This post, “Magnolia” was written for my WordPress blog called Always Growing by Jan in Covington, Louisiana
One of the signature plants of the deep South is the Magnolia grandiflora. This majestic, evergreen tree has large, glossy dark green leaves and huge, fragrant, white blossoms. Every thing about these trees is big. These trees are big – 60 to 90 feet, the flowers are big – 12 inches across, and the leaves are big – 8 inches long. The cones that come after have shiny, bright red seeds.
We did not plant our tree, previous owners did that for us. However, this giant of a tree must have room to grow, and the planters of our tree put it too close to the house. It does give us welcome shade in the summer, but there are problems with this magnolia.
Nothing grows under it. Shallow roots are exposed making it difficult to walk around this tree. As it grew larger and grass was dying out in an ever expanding area, I decided to make the entry garden. The shape of which was determined by magnolia shade and root area. So far things are working out well.
Another problem is the falling leaves. They are large, leathery and never seem to decompose. It seems as if things are falling out of this tree nine months of the year. First, it is the leaves. As new leaves come out in the spring, older leaves drop off. By the thousands. A mulching lawnmower takes care of the ones on the lawn, but in the garden where they cannot be raked, I have a stick with a nail on the end and pick each one up. Next, comes the thin outer sheath of the flowers. These will decompose rapidly, but still are unsightly on a newly mown lawn and freshly swept walkway. Lastly comes the cones. These are not large or spiny, but stepping on one is not pleasant.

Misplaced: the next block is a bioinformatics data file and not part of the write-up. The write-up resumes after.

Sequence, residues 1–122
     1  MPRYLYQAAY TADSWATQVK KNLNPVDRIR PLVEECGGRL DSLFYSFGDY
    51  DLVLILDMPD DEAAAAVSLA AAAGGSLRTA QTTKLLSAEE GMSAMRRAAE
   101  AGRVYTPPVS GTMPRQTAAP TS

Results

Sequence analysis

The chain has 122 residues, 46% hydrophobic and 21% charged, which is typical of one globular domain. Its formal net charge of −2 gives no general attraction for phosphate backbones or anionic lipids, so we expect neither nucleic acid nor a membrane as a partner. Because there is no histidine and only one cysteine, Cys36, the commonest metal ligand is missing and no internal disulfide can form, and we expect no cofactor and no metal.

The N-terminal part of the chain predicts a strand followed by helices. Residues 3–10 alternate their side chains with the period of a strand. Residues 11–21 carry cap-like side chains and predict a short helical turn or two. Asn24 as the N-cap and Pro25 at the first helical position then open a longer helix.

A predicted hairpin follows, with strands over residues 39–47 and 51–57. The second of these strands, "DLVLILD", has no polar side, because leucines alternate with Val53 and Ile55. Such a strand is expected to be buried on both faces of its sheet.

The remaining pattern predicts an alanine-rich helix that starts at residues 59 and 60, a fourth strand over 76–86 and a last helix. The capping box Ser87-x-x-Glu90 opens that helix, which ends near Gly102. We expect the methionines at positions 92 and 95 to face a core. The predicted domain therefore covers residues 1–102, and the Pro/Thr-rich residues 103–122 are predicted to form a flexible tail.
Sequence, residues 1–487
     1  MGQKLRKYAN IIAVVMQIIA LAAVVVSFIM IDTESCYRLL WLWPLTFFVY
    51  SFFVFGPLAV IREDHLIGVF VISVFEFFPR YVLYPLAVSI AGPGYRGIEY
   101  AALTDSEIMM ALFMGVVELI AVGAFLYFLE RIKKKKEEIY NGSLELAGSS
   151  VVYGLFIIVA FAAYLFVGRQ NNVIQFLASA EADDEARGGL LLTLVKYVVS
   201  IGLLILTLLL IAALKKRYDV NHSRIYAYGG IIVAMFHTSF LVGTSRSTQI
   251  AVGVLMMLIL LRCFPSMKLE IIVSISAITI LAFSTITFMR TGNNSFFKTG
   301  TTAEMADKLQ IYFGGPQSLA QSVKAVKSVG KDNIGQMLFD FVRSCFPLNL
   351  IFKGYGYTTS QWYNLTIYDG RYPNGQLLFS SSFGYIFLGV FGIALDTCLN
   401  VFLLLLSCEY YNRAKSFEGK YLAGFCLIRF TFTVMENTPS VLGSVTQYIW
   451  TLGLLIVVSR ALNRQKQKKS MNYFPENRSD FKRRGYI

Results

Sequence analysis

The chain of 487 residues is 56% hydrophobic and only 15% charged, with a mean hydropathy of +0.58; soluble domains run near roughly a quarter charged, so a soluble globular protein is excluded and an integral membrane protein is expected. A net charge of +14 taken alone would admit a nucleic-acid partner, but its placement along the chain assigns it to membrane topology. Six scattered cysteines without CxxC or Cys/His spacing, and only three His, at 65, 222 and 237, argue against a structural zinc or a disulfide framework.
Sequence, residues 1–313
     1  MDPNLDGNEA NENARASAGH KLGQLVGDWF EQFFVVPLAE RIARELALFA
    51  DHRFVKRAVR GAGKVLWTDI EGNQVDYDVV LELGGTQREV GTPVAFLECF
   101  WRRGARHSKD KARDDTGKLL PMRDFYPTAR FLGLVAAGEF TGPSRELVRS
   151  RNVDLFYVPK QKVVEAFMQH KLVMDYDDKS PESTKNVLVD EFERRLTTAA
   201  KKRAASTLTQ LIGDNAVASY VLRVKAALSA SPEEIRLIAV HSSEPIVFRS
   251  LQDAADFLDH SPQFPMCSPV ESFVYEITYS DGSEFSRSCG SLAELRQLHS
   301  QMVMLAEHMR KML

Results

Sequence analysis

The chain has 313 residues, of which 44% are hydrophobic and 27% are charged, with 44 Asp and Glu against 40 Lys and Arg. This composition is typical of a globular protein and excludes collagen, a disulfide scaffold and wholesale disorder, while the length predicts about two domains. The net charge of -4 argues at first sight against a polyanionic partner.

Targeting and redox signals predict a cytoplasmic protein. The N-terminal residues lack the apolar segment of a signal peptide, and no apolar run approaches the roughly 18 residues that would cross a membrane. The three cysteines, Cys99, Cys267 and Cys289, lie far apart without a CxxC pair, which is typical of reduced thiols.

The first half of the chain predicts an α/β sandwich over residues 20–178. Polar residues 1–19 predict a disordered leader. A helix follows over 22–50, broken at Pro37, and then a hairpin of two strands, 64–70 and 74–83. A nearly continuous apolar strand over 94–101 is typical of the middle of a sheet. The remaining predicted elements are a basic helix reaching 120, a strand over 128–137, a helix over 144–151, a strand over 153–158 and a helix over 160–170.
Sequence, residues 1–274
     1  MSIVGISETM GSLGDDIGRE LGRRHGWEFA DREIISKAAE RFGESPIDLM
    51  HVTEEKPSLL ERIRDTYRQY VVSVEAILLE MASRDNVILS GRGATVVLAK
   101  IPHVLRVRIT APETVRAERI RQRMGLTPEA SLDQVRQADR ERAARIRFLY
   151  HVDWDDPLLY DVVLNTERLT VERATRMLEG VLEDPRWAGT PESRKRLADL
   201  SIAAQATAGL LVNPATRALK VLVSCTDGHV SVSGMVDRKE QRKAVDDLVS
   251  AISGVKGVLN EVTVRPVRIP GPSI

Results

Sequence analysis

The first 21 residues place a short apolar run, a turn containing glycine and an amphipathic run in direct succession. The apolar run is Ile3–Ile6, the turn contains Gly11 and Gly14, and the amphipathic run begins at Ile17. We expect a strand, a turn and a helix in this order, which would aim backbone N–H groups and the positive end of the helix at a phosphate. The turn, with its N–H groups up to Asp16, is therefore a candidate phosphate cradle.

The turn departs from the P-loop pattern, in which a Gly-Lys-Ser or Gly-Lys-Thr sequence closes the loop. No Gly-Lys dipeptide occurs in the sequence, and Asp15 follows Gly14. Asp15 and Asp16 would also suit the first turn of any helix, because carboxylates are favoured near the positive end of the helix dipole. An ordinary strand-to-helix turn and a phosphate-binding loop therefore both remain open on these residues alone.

So, with all the above negatives, why would anyone plant one of these trees? If they are planted as a specimen, free standing tree, there is nothing lovelier. The leaves tend to fall straight down around the trunk and would not have to be raked often. Several homes in our area have them planted out in the yard and never have the problems with debris like we do having it close to sidewalks. The showy, red seeds attract birds and are eaten by squirrels. This makes a wonderful shade tree planted in the right spot.
The flowers and large leaves are often used for seasonal decorations and floral arrangements here in the South. Either left their natural green or sprayed gold or silver, these leaves are used in door, mantel, and stairway swags. So while this can be a high maintenance tree, it is extensively planted for its large, saucer-shaped, fragrant flowers and large evergreen leaves. It can be grown to zone 7, and some new varieties are said to survive to zone 5. Low care is also another plus to this tree. No spraying or extensive pruning, etc. is needed.
This is the state tree of Louisiana and Mississippi, and throughout the South there are many people who find this evergreen tree to be very splendid tree indeed.